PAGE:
What's that, Mark Kingwell? I can't quite hear you from the top of your ivory tower.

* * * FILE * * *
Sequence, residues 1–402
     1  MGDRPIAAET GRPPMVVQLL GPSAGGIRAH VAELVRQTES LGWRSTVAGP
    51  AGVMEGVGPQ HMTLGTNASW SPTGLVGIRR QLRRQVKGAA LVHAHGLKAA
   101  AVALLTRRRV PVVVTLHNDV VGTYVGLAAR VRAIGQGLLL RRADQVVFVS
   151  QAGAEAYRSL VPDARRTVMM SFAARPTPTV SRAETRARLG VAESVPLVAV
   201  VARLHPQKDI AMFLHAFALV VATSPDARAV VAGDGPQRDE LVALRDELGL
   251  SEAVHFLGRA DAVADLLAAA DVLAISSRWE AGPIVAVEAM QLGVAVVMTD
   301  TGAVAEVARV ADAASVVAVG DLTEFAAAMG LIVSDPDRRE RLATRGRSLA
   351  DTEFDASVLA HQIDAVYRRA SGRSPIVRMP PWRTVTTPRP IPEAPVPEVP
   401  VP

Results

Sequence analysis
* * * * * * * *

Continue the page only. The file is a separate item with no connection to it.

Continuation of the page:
Modern distributive models of justice rightly place emphasis on the fate of the least well off; in a non-distributive idea of justice, we can update and expand this idea: a city, like a people, shall be judged by how it treats its most vulnerable members. These may not necessarily be the poorest: consider the systematic disadvantage, in an idea economy, of truncated education, learning disability, and low access to the technologies of success. Torontonians talk about the value of otherness, celebrating cultural diversity in word, but they do not walk that walk. The smug inwardness of our de facto stealth neighbourhoods, the vertical gated communities of condo developments, the lifetime preoccupation with the averted gaze — all this shows city not confident enough to engage with itself. The gravity of downtown is reduced, as so often, to the cash nexus of shopping, democracy soured into a form of narcissistic pathology and sense of entitlement for a few, invisibility for the many. Race and class, poverty and hatred cannot find a point of intervention when the discursive space of the city is limited to surfaces.
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